Admission to the Afterlife?

“Please listen carefully because our menu options have changed … (garble garble)
or, if you (are brain dead, lonely and bored and) would like to speak to a representative press 9 now or simply remain on the line.”

I am one of the seven drivers in North America that does not run red lights. I vote (even for county deputy assistant waste management controller), yield right of way, hold doors for others, pay taxes, recycle, floss, stand up straight, say please and thank you, and nod agreeably during weather-related conversations. I do not mumble, litter, chew gum, describe everything as awesome, or forget the Alamo. There are other things I do not do but modesty prohibits me from an extensive list. These may be my greatest virtues. Suffice it to say I am not a great humanitarian.

I hope to live quite a while longer, but what if admission to a good afterlife is like applying to college? My life GPA (money) is not the best. I will need good references and solid extracurricular to have any shot at even a state school Heaven. I have trouble imagining a Judgement Day with St. Peter and the Pearly Gates, but if there is one, the topic of good works will certainly come up.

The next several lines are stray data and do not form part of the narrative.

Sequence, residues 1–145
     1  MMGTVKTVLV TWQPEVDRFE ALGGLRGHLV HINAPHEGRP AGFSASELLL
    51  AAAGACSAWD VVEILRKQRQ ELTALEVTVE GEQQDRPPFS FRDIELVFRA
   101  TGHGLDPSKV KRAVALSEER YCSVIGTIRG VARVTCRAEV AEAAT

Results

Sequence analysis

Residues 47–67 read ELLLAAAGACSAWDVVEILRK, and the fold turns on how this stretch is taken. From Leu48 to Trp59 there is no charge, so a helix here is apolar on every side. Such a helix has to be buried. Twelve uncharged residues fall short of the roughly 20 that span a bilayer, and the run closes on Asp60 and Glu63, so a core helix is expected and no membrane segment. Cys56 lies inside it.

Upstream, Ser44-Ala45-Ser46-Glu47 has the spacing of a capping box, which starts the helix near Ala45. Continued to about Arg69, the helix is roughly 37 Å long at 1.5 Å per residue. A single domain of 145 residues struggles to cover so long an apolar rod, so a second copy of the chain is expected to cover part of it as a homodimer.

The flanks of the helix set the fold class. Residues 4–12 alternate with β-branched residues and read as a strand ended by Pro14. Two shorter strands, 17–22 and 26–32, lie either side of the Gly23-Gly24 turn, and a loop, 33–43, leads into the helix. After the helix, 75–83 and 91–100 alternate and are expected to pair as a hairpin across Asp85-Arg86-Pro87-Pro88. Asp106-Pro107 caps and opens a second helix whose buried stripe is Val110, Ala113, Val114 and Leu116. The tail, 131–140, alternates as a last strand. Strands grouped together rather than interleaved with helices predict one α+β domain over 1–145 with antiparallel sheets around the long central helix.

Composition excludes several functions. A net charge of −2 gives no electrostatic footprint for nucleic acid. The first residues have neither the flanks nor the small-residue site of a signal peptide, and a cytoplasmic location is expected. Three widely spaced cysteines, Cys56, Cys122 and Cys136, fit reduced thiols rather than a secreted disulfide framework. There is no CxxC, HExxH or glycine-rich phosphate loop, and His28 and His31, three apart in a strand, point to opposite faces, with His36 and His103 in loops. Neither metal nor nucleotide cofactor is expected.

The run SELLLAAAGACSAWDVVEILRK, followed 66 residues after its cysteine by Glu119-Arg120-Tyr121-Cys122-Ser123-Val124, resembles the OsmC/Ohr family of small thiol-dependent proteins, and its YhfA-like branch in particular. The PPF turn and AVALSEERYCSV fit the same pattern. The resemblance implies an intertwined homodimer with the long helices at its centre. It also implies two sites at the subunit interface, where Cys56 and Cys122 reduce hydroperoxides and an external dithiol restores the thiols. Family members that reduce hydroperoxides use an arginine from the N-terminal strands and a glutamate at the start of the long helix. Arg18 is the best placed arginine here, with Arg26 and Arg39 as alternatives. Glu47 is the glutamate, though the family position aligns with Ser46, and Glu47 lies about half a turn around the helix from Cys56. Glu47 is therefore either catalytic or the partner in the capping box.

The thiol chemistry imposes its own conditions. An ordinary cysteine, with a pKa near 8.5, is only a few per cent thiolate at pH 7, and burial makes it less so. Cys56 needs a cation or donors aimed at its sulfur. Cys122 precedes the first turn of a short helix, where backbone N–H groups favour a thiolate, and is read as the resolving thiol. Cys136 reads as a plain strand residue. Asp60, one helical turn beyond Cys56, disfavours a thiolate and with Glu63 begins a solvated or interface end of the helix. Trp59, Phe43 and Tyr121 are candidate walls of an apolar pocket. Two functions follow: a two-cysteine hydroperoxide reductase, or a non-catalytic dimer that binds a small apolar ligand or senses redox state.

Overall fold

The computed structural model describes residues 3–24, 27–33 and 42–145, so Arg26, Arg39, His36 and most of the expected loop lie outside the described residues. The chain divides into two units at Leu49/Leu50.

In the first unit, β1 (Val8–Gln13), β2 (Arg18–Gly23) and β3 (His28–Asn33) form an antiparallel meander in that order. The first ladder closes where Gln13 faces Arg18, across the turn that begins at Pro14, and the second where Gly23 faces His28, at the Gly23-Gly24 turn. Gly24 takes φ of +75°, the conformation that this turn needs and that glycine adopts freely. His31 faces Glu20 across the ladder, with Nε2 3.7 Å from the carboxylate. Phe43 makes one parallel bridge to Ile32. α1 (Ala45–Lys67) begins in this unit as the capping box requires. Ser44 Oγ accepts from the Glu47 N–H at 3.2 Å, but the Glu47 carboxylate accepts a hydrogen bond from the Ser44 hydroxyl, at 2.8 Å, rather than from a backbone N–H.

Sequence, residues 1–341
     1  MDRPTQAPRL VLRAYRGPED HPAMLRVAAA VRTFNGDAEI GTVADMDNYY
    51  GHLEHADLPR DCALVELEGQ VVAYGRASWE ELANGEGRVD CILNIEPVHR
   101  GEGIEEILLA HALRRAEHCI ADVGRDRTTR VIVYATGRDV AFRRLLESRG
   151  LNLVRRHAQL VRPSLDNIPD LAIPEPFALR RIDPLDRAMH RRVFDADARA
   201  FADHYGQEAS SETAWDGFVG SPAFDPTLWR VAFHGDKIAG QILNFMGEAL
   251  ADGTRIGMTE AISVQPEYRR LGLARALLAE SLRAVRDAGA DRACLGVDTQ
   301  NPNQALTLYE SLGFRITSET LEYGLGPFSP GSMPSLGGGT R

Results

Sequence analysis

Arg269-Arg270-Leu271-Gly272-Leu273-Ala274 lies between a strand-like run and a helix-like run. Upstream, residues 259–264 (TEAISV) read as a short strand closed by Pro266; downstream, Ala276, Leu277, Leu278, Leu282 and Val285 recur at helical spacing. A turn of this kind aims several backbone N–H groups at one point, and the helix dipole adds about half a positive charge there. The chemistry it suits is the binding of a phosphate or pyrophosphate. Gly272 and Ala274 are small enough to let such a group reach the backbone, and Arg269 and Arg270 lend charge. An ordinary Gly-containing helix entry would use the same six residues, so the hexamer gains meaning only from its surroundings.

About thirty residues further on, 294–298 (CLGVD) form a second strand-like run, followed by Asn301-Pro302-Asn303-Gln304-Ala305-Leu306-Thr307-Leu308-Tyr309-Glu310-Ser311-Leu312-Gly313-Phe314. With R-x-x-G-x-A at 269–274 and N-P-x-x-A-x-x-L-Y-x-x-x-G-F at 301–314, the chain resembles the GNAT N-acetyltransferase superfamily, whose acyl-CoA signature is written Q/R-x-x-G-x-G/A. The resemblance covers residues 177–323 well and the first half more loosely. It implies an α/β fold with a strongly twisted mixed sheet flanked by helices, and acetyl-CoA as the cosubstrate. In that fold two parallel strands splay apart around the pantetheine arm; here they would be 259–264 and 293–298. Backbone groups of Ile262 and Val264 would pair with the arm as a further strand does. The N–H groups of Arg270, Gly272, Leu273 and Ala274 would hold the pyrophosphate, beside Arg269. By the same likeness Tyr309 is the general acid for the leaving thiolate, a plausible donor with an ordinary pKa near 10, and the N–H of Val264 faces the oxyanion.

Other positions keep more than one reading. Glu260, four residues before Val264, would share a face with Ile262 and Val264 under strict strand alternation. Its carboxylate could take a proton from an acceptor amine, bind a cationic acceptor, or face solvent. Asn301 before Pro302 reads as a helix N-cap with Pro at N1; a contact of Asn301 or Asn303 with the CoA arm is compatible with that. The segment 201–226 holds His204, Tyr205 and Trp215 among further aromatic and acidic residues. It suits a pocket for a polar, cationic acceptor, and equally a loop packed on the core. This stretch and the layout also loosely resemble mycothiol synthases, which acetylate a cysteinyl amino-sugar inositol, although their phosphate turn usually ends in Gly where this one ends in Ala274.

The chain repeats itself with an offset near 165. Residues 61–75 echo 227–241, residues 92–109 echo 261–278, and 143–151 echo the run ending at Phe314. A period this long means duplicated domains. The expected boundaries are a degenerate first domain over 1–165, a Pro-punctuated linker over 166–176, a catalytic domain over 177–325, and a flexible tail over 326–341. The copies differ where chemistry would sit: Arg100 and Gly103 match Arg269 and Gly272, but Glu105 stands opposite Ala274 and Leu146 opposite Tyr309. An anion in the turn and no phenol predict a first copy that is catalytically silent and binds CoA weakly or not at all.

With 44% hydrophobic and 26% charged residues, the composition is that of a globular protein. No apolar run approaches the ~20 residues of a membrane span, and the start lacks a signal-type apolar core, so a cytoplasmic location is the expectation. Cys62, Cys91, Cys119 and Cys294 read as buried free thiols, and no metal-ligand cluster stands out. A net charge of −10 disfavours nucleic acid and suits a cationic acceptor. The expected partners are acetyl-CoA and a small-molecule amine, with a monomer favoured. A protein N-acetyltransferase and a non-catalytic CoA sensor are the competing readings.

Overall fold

When the economy tightened many jobs were eliminated, and those who remained were asked to do more with less. I sympathize with the front-line service providers. Supervisors, under the guise of efficiency and profitability, became bullies and petty tyrants. Now surveys and questionnaires abound whenever there is a transaction. I know if I indicate anything less than blissful, near orgasmic satisfaction someone will get called on the carpet. (I once had a helpful phone worker counsel me where to safely put 8s and 9s to make the survey more credible.) I am familiar enough with professional jargon to provide a specific critique of a staff member’s performance to management-types.

Recently a Best Buy sales associate was explaining 4K TV, LED versus plasma, HDMI pixels, Smart TV and HI DEF. He knew mountains more than me, but he had a grammar glitch. I felt he would have difficulty getting promoted or taken seriously if he continued to refer to different models as “these ones.” I mentioned it to him lightly and with humor. I do not know if it stuck. I also made sure to find his supervisor and let her know how helpful he had been.

My best work is on the phone. If a representative seems willing to go off script and actually help me, I tell them (and the ubiquitous Big Brother) how much I appreciate them explaining how my cable bill is bundled or why it costs more to fly 300 miles than 3,000. I agree to remain on the line to complete a short survey. Whether talking to an airline or an insurance company, behind the behemoth are people pressured to perform. What I do is not sufficient to spare me from spending my afterlife in a roaring fire pit and an eternity of Kenny G. music, but I try to help.

Tom H. Cook is a local writer and professional jacks player. He accidentally invited everyone he has ever e-mailed to endorse him on LinkedIn.

Leave a Reply